ichard Francis Burton was born on March 19, 1821 at Barham House, Hertfordshire (Herts) in the home of his maternal grandparents, Richard and Sarah Beckwith Baker. He was of mixed English, Irish, Scottish, and possibly French ancestry.
explorer, anthropologist, linguist, writer, and diplomat
born in Herts, England
He came of the Westmorland Burtons of Shap, but never saw his paternal grandfather, the Rev. Edward Burton, who had settled in Ireland as rector of Tuam. His s father, Lieutenant-Colonel Joseph Netterville Burton, of the 36th Regiment, was an Irishman by birth and character. His mother was descended from the MacGregors, and he was proud of a remote drop of Bourbon blood piously believed to be derived from a morganatic union of the Grand Monarque. There were even those, including some of the Romany themselves, who saw gipsy written in his peculiar eyes as in his character, wild and resentful, essentially vagabond, intolerant of convention and restraint. His irregular education strengthened the inherited bias.
A childhood spent in France and Italy, under scarcely any control, fostered the love of untrammelled wandering and a marvellous fluency in continental vernaculars. Such an education so little prepared him for academic proprieties, that when he entered Trinity College, Oxford, in October 1840, a criticism of his military moustache by a fellow-undergraduate was resented by a challenge to a duel, and Burton in various ways distinguished himself by such eccentric behaviour that rustication inevitably ensued. Nor was he much more in his element as a subaltern in the 18th Regiment of Bombay Native Infantry, which he joined at Baroda in October 1842.
Discipline of any sort he abhorred, and the one recommendation of the East India Company’s service in his eyes was that it offered opportunities for studying Oriental life and languages. He had begun Arabic without a master at Oxford, and worked in London at Hindustani under Forbes before he went out; in India he laboured indefatigably at the vernaculars, and his reward was an astonishingly rapid proficiency in Gujarati, Marathi, Hindustani, as well as Persian and Arabic. His appointment as an assistant in the Sind survey enabled him to mix with the people, and he frequently passed as a native in the bazaars and deceived his own munshi, to say nothing of his colonel and messmates. His wanderings in Sind were the apprenticeship for the pilgrimage to Mecca, and his seven years in India laid the foundations of his unparalleled familiarity with Eastern life and customs, especially among the lower classes.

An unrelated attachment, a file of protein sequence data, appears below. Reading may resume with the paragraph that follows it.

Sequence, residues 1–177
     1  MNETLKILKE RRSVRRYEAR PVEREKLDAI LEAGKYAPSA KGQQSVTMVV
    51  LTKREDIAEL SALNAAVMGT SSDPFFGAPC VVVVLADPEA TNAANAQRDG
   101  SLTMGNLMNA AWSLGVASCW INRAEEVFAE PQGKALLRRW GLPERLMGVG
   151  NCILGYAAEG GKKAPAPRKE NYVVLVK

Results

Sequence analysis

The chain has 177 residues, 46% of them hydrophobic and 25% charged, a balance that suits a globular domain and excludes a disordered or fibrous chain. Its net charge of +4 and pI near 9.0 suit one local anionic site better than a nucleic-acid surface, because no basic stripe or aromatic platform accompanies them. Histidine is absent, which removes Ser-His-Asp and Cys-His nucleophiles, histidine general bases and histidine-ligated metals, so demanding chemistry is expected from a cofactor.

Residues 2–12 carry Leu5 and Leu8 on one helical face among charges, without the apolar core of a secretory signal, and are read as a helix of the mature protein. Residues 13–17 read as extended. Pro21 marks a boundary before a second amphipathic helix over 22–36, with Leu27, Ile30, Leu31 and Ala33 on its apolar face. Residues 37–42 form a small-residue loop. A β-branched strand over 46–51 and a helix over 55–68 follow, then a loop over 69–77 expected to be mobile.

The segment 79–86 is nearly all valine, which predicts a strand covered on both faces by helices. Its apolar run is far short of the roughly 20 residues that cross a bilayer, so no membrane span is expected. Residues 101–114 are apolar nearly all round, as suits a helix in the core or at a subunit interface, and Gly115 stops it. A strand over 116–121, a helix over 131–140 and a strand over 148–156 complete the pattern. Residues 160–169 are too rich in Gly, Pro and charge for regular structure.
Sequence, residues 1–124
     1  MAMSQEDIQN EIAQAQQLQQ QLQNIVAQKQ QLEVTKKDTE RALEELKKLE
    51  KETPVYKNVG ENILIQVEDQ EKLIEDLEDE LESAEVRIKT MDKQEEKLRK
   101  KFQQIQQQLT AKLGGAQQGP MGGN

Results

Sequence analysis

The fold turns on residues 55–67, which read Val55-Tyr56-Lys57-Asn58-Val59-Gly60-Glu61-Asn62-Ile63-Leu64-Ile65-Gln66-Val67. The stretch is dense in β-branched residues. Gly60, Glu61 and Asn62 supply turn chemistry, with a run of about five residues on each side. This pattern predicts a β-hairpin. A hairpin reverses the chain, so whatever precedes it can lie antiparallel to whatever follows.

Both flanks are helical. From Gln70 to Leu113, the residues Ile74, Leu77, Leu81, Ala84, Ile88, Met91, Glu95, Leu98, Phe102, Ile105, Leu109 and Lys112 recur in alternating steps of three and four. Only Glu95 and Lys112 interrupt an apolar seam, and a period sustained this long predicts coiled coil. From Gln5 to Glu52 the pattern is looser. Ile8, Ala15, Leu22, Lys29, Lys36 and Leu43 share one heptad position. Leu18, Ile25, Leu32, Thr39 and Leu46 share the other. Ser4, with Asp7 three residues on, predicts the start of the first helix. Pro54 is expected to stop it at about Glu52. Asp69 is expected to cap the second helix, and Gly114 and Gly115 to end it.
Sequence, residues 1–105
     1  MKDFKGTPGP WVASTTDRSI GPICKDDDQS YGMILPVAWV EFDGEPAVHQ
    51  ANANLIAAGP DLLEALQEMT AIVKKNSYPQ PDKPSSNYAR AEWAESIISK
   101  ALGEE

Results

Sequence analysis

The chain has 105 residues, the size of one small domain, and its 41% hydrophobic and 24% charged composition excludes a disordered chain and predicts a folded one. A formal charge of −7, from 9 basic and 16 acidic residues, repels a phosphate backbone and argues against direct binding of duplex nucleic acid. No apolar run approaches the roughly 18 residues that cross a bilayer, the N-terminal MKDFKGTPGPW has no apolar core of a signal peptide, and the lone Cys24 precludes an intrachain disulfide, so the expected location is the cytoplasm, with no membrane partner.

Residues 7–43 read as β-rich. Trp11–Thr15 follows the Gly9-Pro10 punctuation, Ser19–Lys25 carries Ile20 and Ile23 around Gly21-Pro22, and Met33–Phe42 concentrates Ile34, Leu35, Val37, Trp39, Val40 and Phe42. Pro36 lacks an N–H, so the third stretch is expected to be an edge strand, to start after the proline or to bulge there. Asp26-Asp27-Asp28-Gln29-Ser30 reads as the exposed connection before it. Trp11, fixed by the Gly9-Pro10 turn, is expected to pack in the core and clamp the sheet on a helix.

Besides government reports and contributions to the Asiatic Society, his Indian period produced four books, published after his return home: Scinde, or the Unhappy Valley (1851), Sindh and the Races that Inhabit the Valley of the Indus (1851), Goa and the Blue Mountains (1851), and Falconry in the Valley of the Indus (1852). None of these achieved popularity, but the account of Sind is remarkably vivid and faithful.
The pilgrimage to Mecca in 1853 made Burton famous. He had planned it whilst mixing disguised among the Muslims of Sind, and had laboriously prepared for the ordeal by study and practice. No doubt the primary motive was the love of adventure, which was his strongest passion; but along with the wanderer’s restlessness marched the zest of exploration, and whilst wandering was in any case a necessity of his existence, he preferred to roam in untrodden ways where mere adventure might be dignified by geographical service. There was a “huge white blot” on the maps of central Arabia where no European had ever been, and Burton’s scheme, approved by the Royal Geographical Society, was to extend his pilgrimage to this “empty abode,” and remove a discreditable blank from the map. War among the tribes curtailed the design, and his journey went no farther than Medina and Mecca. The exploit of accompanying the Muslim hajj to the holy cities was not unique, nor so dangerous as has been imagined. Several Europeans have accomplished it before and since Burton’s visit without serious mishap. Passing himself off as an Indian Pathan covered any peculiarities or defects of speech. The pilgrimage, however, demands an intimate proficiency in a complicated ritual, and a familiarity with the minutiae of Eastern manners and etiquette; and in the case of a stumble, presence of mind and cool courage may be called into request. There are legends that Burton had to defend his life by taking others’; but he carried no arms, and confessed, rather shamefastly, that he had never killed anybody at any time. The actual journey was less remarkable than the book in which it was recorded, The Pilgrimage to Al-Medinah and Meccah (1855). Its vivid descriptions, pungent style, and intensely personal “note” distinguish it from books of its class; its insight into Semitic modes of thought and its picture of Arab manners give it the value of an historical document; its grim humour, keen observation and reckless insobriety of opinion, expressed in peculiar, uncouth but vigorous language make it a curiosity of literature.